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# Decibel Scale

## Video transcript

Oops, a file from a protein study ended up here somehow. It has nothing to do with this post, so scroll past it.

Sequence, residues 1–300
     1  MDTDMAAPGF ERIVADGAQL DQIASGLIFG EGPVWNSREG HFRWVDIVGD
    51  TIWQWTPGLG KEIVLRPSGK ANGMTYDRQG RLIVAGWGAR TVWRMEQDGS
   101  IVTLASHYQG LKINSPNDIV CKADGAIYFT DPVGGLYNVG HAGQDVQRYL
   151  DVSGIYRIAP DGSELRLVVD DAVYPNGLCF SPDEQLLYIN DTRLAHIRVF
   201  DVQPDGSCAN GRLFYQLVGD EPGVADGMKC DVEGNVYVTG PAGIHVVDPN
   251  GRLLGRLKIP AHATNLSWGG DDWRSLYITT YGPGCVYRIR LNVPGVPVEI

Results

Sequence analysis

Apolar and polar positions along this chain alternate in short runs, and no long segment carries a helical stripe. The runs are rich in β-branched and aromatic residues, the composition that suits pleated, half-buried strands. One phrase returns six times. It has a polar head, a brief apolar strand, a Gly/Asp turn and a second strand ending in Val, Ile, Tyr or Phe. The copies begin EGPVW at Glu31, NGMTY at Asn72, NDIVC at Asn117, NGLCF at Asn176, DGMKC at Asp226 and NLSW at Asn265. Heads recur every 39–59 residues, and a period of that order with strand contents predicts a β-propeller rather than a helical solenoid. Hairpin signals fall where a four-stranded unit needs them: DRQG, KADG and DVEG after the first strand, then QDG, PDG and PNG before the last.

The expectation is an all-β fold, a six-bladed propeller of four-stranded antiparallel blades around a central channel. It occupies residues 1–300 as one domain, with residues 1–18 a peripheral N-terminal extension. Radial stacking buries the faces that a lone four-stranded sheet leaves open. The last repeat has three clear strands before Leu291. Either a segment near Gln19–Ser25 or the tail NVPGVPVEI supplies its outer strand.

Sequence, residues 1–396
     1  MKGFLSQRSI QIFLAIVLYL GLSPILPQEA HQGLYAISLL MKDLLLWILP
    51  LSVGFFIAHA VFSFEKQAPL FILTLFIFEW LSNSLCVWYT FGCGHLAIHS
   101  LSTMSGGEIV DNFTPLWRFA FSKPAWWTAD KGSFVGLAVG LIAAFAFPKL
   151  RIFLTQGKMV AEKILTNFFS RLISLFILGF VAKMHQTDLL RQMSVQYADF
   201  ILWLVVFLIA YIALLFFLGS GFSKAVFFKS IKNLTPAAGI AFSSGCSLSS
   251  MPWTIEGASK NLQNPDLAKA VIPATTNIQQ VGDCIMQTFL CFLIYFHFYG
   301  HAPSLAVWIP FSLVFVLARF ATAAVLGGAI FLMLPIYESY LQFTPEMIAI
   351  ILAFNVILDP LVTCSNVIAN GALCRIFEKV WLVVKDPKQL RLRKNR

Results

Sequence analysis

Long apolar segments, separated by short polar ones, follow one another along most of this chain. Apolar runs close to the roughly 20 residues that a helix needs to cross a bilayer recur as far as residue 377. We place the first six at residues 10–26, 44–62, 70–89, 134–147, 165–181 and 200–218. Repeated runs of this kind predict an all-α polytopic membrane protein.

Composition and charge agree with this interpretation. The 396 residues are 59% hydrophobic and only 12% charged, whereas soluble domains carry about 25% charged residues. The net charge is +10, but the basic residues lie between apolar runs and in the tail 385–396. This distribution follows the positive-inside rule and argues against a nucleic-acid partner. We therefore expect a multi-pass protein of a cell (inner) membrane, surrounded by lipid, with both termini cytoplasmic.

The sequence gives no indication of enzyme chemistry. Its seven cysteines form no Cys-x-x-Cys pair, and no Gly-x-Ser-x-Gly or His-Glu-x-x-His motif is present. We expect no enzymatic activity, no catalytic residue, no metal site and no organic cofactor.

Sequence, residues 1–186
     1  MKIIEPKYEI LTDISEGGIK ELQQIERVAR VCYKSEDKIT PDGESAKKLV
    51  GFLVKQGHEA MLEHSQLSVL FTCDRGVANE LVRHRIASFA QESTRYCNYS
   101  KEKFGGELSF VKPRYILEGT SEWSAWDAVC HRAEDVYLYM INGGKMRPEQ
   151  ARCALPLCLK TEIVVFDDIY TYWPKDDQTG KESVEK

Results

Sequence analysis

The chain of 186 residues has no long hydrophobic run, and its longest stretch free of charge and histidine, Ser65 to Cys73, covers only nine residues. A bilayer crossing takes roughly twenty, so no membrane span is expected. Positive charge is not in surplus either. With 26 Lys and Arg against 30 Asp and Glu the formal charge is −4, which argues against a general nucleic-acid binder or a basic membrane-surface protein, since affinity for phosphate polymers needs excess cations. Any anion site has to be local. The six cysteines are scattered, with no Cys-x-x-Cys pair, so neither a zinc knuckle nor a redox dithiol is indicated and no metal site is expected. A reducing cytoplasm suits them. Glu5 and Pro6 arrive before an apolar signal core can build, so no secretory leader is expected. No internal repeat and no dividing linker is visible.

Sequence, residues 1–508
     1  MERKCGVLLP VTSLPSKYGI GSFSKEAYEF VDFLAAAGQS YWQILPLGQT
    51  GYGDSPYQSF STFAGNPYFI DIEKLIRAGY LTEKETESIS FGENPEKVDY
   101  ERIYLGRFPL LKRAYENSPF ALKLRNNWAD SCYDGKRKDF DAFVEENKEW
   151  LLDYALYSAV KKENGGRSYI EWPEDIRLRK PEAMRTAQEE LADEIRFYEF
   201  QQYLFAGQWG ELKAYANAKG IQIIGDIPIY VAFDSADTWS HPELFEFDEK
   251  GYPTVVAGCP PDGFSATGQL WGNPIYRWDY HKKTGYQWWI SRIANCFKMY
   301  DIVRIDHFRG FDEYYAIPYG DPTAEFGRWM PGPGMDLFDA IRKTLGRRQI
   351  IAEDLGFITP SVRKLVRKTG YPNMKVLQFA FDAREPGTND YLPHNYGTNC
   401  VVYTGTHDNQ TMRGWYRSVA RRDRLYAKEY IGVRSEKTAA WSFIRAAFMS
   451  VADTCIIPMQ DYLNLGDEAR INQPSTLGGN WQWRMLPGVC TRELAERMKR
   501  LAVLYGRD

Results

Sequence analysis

all right I'm going to tell you about the decibel scale this is a scale that we use to figure out the loudness of a sound the equation that goes along with it looks like this beta equals 10 log logarithm base 10 of I divided by 10 to the negative 12 watts per square meter this looks intimidating let's talk about it and break it down beta is the number of decibels so this side gives you the number of decibels and we abbreviate decibel with a little D capital B so this is the number of DB decibel you've probably seen this number on your stereo somewhere we are adjusting volume because we're going to measure volumes in decibels 10 this 10 just denotes the fact that this is the deci bel scale and not just the bel scale if you didn't multiply by 10 you'd have the bel scale but this is multiplied by 10 we like the 10 we're going to call it decibel log will talk about log in a minute logarithm here I is the intensity of the sound wave so this is the intensity and in physics intensity is defined to be the power divided by the area and what this means think about it this way you've got your ear and a sound wave say is coming toward your ear if you imagine one so power is in what power is measured in watts area is measured in square meters so think about intensity this way if you had one square meter imagine one square meter of area here this doesn't have to be an actual physical object just imagine a square meter of area the power that passes through that area would be how many joules if you figure out how many joules pass through this one square meter if you ask how many joules per second pass through that one square meter how many joules of sound energy per second pass through the one square meter that would be the number of watts per meter squared which would be the intensity so watts is tools per second and so this gives you an idea of how much energy per second passes through a certain amount of area and this part of the equation is my favorite this is my all-time favorite right here this number this 10 to the negative 12th watts per square meter represents the threshold of human hearing and what that means is this is the softest possible sound you can hear any sound with an intensity less than that you won't even notice but if it's anything bigger than that a human ear that's healthy should be able to detect it here's why I like this number this is unbelievably small this is one trillionth of a watt per meter squared a trillionth what this says is that even if only one trillionth of a Joule per second passes through the square meter your ear would still be able to detect a sound that's that soft and if that doesn't impress you let me put it to you this way imagine we did have one watt let me put it to you this way if you had one watt how big of an area and a watt isn't really that much what is not a lot of power if you had one watt how big could you make this area how spread out how diluted could one watt be spread over how large of an area could this one watt be spread over and still be intense enough for the human ear to hear it what do you think football field you know I don't know a city no it turns out if you do the calculation I suggest you do it's interesting you would get that you can spread 1 watt over the entire land area of Germany about 3 times over and still it's intense enough for the human ear to hear that's how unbelievably sensitive our ears are it's it's actually I told you is unbelievable I can hardly believe it myself let's come back over to here so here's our equation this is the decibel scale Y log what you're thinking why in god's name did the physicists have to put logarithm in here these scare me they used to scare me too well I'll show you why here's the problem the fact that we can hear such a soft sound 10 to the negative 12 watts per meter squared means there's a huge range of human hearing this means we can hear from 10 to the negative 12 watts per square meter this is this is zero point zero zero see three four five six seven eight nine ten eleven with a 1 watts per square meter all the way where there's no upper limit you'll just blow out your ears but once you get to about one watt per square meter this is when it starts hurting this is painful you're not going to be happy over here your ears are going to start hurting you'll get start getting hearing losses not good so there's a huge range 12 orders of magnitude this 1 watt per square meter is a trillion times bigger than the side the scale is just way too big this is awkward we want to scale this smaller maybe like 1 to 100 to measure loudness we don't want to measure from 1 to a trillion or a trillionth to 1 and that's what log is going to do logs are great this is a trick physicists use physicists love this trick logarithms take really big or really small numbers and turn them into nice numbers that's why we're going to use the logarithm so let me show you what I mean logarithm if you don't remember here's what logarithm does log base 10 of a number equals here's what it does I'm going to stick a number in here let's stick a hundred-thousand what log does log is a curious guy logs always asking a question log always wants to know okay if I'm log base 10 log wants to know what number would I raise 10 to in order to get this number in here so log looks at this number in the parentheses this entire number here and ask what number should I raise 10 to in order to get a hundred thousand well we know the answer to that you should raise 10 to the fifth and if I raise 10 to the fifth I'll get a hundred thousands so oh if v is number I raise 10 to to get 100,000 and that's the answer to this that log base 10 of a hundred thousand is five and look what happened log took a huge number a hundred thousand and turned it into five well that's outstanding log can take huge numbers turn them into nice numbers the logarithm base 10 of 1 billion would be 1 billion is a big number that's hard to deal with but log takes 10 and ask what number could I raise 10 to in order to get a billion and I should raise 10 to the 9th because I've got 1 2 3 4 5 6 7 8 9 zeros here I raise 10 to the 9th to get this number so the answer to this question for the logarithm is 9 oops that's not 9 9 and that's why logarithms are good logarithm took this enormous number of billion and turned it into 9 so logarithms take enormous scales turn them into nice scales that's why we like this formula which is our decibel scale because it takes enormous intensities and small intensities turns them into nice intensities so let me show you an example with this equation really quick let's say you're talking to your friend maybe you're yelling at your friend you guys are having a heated exchange and so you're yelling he's next to you these are the sound waves coming at him you're yelling with an intensity of say 10 to the negative 5th that doesn't sound like a lot but that's actually you're pretty upset here that's pretty loud so I want to know how many decibels is this how do we figure out the depths decibels well here's what we do we use our formula for decibels beta number of decibels equals 10 log base 10 of the intensity over always 10 to the negative 12th watts per square meter because that's the softest sound we can hear what do I get 10 to the negative 5th is my intensity so I plug this into here and I'm going to get beta equals 10 times the log base 10 of 10 to the negative fifth because that's my intensity divided by 10 to the negative 12 now these are both watts per square meter so those cancel well what's 10 to the negative 5th divided by 10 to the negative 12 turns out that 10 to the seventh so I end up with 10 log of 10 to the seventh now I don't like log I'll be honest they freak me out but I could even do this 1 log of 10 to the seventh remember what log does it asks what number do I raise 10 to in order to get the thing in the parentheses well the number I raise 10 to to get the thing in this parenthesis it's already 10 to the 7 starting this form so I just raised 10 to the seventh to get 10 to the seventh so the answer to log base 10 of 10 to the seventh is just seven so my final answer beta the loudness the number of decibels is going to be 10 times log of 10 to the seventh was just seven because I had to raise 10 to the seventh to get 10 to the seventh so 10 times seven equals 70 I'm yelling at 70 decibels I need to calm down my friends going to start getting mad at me that's how you figure out how loud the sound wave is